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Desperate for a Win, Roma Look for Season Sweep of Verona

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But will 19th place Verona simply roll over?

FBL-ITA-SERIEA-CHIEVO-ASROMA Photo credit should read MIGUEL MEDINA/AFP/Getty Images

It’s that time of year again, the time when I ask myself why on God’s green earth do I wake up a 6:30 in the morning on a Sunday to watch soccer on a 15” laptop screen? The good news is that, win lose or draw, you can move on with your day before most people are even awake, so we’ve got that in our pocket at least. The bad news...Roma hasn’t delivered much beyond draws lately, so what are the chances we avert another disappointing weekend with Roma?

Well, if the first match was any indication, we might be sitting pretty.

Last Match

September 16, 2017: Roma 3, Verona 0

In case you’re new to the sport, that little white orb the men in black are kicking around is a “football”, for which the sport was named. The point of said sport is to put that orb in the back of the giant, netted barn door looking thing called a “goal”, to which Roma has shown a great aversion over the past few months. However, your eyes do not deceive you; on this particular evening, Roma put that synthetic orb into that net THREE TIMES....THREE TIMES! I shit you not, Roma actually scored more than one goal. What a novel concept. Radja Nainggolan opened the scoring and Edin Dzeko followed up with two more goals—we’re worlds away from that Roma right now.

EDF: Eusebio _______ Francesco

So, what does the ‘D’ in EDF stand for you might ask. Well, early in the season it may have stood for ‘determined’, as the Giallorossi seemed determined to take the league by storm, knocking back all the detractors by exceeding expectations after another summer of upheaval. Times were good.


Verona v. Roma: February 4, 12:30 CET/6:30 EST. Stadio Bentegodi, Verona.


But that was then and this is now. With points dropped in nine of their last 12 matches, that ‘D’ now alternatively stands for ‘draw’ or ‘disappointment’ or ‘damaging to one’s health.’ Di Francesco has looked increasingly frustrated and completely bereft of answers over the past few months, to the point where the once faint calls for his head are now becoming deafening.

So, what's a beleaguered manager to do? Why, blame your players, of course!

Anything could happen, I tried out a few things in training. I am not accustomed to sending out a team that doesn’t know what it’s supposed to be doing. I am without Daniele De Rossi and Maxime Gonalons, but I could still use 4-3-3.

Recently we have played the 4-3-3 badly, but we did well with the same system before that. It’s an issue of mentality, of moments, characteristics and situations.

Source: Football Italia

I am not accustomed to sending out a team that doesn’t know what it’s supposed to be doing. Those are words. Words an actual manager said, about his own team. EDF, in this sense, is a bit like a certain politician under fire, who, in the process of trying to defend himself, provides further ammunition to his detractors.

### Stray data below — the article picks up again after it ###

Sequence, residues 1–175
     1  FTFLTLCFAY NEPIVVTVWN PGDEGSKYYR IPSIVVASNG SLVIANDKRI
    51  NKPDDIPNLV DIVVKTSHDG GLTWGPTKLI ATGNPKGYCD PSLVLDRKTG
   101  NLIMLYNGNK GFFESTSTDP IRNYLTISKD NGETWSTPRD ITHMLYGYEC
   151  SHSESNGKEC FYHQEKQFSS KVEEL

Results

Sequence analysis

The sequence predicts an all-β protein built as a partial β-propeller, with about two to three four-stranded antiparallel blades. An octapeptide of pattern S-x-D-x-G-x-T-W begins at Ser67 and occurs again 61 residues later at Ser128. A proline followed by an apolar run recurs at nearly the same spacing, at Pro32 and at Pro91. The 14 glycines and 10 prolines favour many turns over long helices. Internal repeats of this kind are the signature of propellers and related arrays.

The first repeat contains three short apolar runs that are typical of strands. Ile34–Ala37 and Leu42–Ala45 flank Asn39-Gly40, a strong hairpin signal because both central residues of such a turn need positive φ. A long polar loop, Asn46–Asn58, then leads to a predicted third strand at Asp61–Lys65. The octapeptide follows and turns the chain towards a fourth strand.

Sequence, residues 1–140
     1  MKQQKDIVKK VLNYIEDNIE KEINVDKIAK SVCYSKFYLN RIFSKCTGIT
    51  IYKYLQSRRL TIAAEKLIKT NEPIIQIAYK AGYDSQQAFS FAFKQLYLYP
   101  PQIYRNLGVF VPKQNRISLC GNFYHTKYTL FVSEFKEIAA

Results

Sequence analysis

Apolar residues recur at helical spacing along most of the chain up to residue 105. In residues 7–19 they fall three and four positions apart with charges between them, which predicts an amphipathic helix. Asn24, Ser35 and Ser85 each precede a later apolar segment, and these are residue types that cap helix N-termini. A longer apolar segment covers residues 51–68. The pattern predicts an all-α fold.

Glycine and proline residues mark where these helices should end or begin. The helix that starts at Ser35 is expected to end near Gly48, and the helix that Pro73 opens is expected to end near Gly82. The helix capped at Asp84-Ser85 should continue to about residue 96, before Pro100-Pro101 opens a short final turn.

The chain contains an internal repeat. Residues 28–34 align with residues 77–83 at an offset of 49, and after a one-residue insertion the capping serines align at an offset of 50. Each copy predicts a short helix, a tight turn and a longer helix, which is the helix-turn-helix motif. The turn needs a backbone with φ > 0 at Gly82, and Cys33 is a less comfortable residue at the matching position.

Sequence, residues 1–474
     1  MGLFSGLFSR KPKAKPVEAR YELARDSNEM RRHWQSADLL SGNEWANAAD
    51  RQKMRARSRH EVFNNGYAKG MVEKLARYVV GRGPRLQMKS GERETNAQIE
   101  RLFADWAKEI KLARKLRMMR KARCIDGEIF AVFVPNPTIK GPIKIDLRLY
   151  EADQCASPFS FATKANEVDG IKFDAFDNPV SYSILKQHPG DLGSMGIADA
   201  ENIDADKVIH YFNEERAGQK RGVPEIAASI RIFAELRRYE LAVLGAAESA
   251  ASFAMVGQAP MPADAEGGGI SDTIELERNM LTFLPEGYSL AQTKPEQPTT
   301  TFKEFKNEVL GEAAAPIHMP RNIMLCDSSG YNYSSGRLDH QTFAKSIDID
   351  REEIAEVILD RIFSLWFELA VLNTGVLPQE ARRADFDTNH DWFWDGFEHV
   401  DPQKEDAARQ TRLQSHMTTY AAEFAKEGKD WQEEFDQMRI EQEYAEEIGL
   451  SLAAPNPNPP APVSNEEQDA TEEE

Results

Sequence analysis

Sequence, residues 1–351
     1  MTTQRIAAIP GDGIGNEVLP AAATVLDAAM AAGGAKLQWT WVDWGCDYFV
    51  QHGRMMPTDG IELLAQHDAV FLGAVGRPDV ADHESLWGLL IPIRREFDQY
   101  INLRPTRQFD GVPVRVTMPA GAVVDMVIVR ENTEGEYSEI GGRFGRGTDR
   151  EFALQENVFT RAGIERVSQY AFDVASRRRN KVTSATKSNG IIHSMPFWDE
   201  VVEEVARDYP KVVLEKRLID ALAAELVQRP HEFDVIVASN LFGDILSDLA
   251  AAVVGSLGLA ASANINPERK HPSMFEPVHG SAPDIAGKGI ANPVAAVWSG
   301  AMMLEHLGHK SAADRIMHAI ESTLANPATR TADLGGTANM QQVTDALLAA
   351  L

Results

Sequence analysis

Well, geez, Eusebio. Why do you think they don’t know what to do? Hmm, whose fault could that possibly be? Let me think....

As Roma fans we’re used to Luciano Spalletti lashing out at the media and even the fans, and we even grew to view Rudi Garcia’s pathetic excuses as sort of cute in the end, but I’m not sure we’ve ever seen a manager indirectly (and possibly unknowingly) blame results on his own shortcomings. It’s pretty impressive actually.

Di Francesco then spoke about the much ballyhooed 4-3-3, to which he is loyal to a fault.

If I change, it is for the good of Roma and to bring home positive results.

I have won trophies using 4-4-2, I started out with 4-2-3-1, all systems are dynamic and fluid. The important thing is not sending the players out unaware of where they are supposed to be going.

I’m not sure to which trophies (emphasis on plural) he’s referring, but something about that phrasing if I change, it is for the good of Roma, bothers me. As if he’d be doing us a favor and not actually realizing that, you know, he’s been doing a horrible job. If I change, it is because I realized what I was doing wasn’t working....there, fixed that for you.

As I mentioned last week, it’s not as if EDF is an incapable manager, but he seems increasingly like the worst possible man they could have picked for this job. His tactical intransigence was bad enough to begin with, but now that it’s peppered with yeah, buts and when I was with Sassuolo we won it just smacks as pathetic.

Which leaves us with only one question to ask: is 19th place Verona bad enough for this pathetic version of Roma to beat?

If not, this could very well be the tipping point for the Di Francesco regime.